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Retraining the Unemployed in a Matching Model with Turbulence

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  • Felix Reichling

    (Stanford University)

Abstract

I investigate to what degree differences in retraining opportunities are responsible for the divergence of unemployment rates between the U.S. and Europe since the early 1980s. I provide some evidence for higher retraining rates in the U.S. as compared to Europe and further show that there is tremendous heterogeneity across OECD countries with respect to retraining. In my model, unemployed workers not only search for jobs but also for suitable retraining programs. I find that when it becomes more difficult to find suitable retraining programs, enrollment rates, productivity and the unemployment rate decline. Furthermore, this paper is the first attempt to investigate the role of retraining in economies that are subject to economic turbulences as described by Ljungqvist and Sargent (1998, 2004). Using a similar parametrization as Ljungqvist and Sargent (2004), I find that the generosity of unemployment benefits, the main driving force in their model, is not an important determinant of unemployment, even during tumultuous economic times, if sufficiently good retraining institutions are available. Economies with more flexible retraining institutions adjust better to economic turbulence, and as a result, feature lower unemployment rates and higher productivity and output. My results suggest that differences in retraining opportunities play an important role in explaining cross-country differences in unemployment rates.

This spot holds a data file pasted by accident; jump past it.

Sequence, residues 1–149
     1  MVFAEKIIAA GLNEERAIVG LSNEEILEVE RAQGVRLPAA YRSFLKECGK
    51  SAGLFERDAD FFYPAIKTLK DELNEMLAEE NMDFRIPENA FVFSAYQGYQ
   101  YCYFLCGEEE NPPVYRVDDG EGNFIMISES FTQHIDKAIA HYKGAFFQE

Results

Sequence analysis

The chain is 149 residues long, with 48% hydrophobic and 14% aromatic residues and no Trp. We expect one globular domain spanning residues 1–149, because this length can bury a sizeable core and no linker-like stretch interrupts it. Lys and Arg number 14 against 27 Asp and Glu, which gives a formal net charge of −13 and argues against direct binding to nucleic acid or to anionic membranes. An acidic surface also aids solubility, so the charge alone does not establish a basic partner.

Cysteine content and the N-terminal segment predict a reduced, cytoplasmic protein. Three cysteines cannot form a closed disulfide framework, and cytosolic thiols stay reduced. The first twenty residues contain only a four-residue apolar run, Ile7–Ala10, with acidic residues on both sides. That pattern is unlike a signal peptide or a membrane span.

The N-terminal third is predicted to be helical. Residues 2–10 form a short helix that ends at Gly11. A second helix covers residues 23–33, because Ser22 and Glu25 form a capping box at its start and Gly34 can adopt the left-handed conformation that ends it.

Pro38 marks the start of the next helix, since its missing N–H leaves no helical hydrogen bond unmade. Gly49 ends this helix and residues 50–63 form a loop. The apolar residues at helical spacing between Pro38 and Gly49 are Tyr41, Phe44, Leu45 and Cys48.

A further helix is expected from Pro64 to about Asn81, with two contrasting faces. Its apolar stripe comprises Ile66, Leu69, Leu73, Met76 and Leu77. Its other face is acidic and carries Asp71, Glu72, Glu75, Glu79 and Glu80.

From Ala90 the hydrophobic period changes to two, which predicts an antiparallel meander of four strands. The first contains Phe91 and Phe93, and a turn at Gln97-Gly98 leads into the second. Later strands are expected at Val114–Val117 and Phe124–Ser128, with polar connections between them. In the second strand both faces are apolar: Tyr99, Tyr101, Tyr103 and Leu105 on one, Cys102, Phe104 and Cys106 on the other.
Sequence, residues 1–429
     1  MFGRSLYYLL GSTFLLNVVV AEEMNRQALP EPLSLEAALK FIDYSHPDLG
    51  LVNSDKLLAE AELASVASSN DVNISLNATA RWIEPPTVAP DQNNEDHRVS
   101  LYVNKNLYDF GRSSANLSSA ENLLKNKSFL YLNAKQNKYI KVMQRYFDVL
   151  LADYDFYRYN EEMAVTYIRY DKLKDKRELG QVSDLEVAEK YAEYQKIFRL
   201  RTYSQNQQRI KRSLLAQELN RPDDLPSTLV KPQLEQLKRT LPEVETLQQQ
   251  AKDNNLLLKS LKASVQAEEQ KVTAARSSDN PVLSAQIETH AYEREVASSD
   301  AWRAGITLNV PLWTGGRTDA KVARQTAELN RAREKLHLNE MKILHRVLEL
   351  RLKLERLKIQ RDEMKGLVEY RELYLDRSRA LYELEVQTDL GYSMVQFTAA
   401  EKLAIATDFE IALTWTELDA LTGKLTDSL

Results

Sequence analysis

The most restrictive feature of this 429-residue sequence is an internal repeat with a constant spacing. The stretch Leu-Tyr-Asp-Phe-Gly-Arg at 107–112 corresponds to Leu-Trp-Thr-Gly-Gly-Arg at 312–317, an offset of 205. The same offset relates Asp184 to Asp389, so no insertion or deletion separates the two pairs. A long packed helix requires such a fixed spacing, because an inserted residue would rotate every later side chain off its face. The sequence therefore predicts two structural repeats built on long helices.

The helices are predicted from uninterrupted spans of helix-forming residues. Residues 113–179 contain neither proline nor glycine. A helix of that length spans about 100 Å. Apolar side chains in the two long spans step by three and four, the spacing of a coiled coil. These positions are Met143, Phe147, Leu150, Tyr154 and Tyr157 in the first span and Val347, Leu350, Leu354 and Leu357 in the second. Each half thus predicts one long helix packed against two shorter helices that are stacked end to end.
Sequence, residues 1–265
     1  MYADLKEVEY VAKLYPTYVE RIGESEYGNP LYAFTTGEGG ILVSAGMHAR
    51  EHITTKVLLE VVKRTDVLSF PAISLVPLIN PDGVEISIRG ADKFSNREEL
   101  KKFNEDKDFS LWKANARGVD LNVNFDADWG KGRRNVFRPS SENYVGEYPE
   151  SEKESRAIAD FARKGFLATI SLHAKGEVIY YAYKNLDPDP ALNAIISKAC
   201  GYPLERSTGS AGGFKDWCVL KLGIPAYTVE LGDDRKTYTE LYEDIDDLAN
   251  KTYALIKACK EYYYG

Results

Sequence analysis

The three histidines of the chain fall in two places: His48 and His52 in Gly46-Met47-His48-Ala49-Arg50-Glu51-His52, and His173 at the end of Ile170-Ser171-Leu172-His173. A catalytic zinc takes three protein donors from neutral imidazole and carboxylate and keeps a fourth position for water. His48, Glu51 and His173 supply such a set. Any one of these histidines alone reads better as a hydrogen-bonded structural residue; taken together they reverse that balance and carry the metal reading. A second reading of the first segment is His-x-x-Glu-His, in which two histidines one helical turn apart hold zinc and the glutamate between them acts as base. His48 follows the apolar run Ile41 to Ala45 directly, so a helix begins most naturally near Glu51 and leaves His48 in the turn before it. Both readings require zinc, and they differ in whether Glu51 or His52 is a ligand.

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File URL: http://128.118.178.162/eps/mac/papers/0506/0506012.pdf
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Bibliographic Info

Paper provided by EconWPA in its series Macroeconomics with number 0506012.

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Length: 41 pages
Date of creation: 17 Jun 2005
Date of revision:
Handle: RePEc:wpa:wuwpma:0506012

Note: Type of Document - pdf; pages: 41
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Web page: http://128.118.178.162

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Keywords: Retraining the Unemployed; European Unemployment; Economic Turbulence;

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Cited by:
  1. Michael Elsby & Bart Hobijn & Aysegül Sahin, 2009. "Unemployment dynamics in the OECD," Working Paper Series 2009-04, Federal Reserve Bank of San Francisco.
  2. Michael W.L. Elsby & Bart Hobijn & Aysegul Sahin, 2011. "Unemployment Dynamics in the OECD," Tinbergen Institute Discussion Papers 11-159/3, Tinbergen Institute.

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